COOPERSTOWN, N.Y. – He was born 88 years ago this week, before the St. Louis Cardinals had won even one National League pennant. But Albert “Red” Schoendienst was destined to help build in the Cards into an NL powerhouse – both as a player and manager.
Along the way, Schoendienst became one of the most popular figures in St. Louis baseball history – and earned a Hall of Fame plaque.
Appearing in a Cardinals uniform in six decades, Schoendienst – born Feb. 2, 1923 – first starred for the Redbirds at second base, where he was voted to nine All-Star Games and led the NL in fielding percentage on five different occasions.
Defensively, Schoendienst is considered as one of baseball’s best second basemen. He once handled 320 chances without an error in the 1950 season.
Stan Musial, another Cardinals Hall of Famer and roommate of Red’s when they played together, once regarded his second basemen as “having the greatest pair of hands I’ve ever seen.”
After 12 seasons with the Cards – which included a World Series championship in 1946 – Schoendienst played a season and a half for the New York Giants, earning his 10th All-Star Game appearance in 1957. During the 1957 season, he was traded from Giants after 57 games to the Milwaukee Braves in a deal involving Bobby Thomson – leading the National League in hits that season with 200.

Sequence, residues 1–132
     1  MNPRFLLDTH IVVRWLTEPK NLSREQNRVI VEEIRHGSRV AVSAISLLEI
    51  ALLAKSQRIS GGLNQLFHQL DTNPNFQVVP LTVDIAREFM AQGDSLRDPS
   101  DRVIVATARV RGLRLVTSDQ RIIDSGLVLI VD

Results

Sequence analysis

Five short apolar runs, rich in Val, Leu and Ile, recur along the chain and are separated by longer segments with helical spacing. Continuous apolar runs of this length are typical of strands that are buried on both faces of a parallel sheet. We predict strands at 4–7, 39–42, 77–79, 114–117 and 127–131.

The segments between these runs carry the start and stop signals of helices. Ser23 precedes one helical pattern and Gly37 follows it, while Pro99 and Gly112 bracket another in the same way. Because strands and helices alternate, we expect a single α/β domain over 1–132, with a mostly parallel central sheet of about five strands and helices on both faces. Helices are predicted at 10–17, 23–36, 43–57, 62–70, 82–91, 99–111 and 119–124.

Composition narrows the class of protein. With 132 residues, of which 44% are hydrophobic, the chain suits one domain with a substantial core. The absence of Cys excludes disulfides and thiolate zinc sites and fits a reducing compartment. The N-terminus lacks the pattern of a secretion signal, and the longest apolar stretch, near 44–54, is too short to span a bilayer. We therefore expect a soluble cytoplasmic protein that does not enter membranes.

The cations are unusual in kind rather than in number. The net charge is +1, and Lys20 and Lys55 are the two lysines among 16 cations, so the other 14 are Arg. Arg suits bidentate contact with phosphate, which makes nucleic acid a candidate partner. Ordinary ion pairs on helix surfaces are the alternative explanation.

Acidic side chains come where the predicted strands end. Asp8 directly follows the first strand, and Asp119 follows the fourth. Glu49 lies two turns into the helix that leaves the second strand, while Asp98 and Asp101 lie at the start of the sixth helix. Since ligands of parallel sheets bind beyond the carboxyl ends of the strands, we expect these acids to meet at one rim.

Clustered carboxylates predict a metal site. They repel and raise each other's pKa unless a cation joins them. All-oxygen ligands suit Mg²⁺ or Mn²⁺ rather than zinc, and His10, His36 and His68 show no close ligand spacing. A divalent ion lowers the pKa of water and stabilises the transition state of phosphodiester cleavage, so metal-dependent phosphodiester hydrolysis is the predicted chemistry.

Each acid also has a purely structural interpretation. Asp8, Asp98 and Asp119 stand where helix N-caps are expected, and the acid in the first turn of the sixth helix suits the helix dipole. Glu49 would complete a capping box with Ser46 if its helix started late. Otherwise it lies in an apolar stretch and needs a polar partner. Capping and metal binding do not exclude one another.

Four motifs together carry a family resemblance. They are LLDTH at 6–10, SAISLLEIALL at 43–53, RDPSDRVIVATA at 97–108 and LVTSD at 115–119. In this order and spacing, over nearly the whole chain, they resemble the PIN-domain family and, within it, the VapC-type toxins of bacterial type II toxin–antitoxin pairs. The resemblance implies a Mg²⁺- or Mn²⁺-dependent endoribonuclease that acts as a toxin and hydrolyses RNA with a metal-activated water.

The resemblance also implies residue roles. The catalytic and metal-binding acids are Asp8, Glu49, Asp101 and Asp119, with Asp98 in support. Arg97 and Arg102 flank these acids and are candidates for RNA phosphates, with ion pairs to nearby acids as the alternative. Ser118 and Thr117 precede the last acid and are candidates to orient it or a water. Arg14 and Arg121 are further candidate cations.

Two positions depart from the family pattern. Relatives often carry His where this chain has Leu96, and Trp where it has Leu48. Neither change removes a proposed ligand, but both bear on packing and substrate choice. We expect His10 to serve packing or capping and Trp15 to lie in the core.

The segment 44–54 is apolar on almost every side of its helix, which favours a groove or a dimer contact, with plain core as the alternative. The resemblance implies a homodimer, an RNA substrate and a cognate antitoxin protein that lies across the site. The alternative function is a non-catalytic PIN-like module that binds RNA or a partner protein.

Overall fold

Along with fellow future Hall of Famers Eddie Mathews and Hank Aaron, he helped lead his club to a 1957 World Series Championship followed by a second National League crown the next year. The Braves lost to the Yankees in the 1958 World Series, but Schoendienst once again led the National League in fielding percentage.
Schoendienst returned to St. Louis in 1961 playing two more seasons before calling it a career in 1963 after 19 seasons in the big leagues. He finished with 2,449 hits and a .289 batting average, including seven seasons where he hit .300 or better.
Red, however, was not ready to hang up the Cardinals’ uniform just yet. He took over the managerial reins in 1965 and did not surrender them for another 12 seasons.
In his time on the bench, he directed the Cards to a World Series victory in 1967 followed by a National League pennant in 1968. His 12 years as manager for St. Louis is the second-longest in Cardinals history, surpassed by Tony La Russa in 2008.
He remained with the Cardinals as a coach after stepping down as manager following the 1976 season, and served as St. Louis interim manager during the 1980 and 1990 seasons.
A Veterans Committee selection to the Hall of Fame in 1989, Schoendienst is one of only nine St. Louis Cardinals players to have his number (2) retired.
Matt Kramer was the 2010 public relations fall intern at the National Baseball Hall of Fame and Museum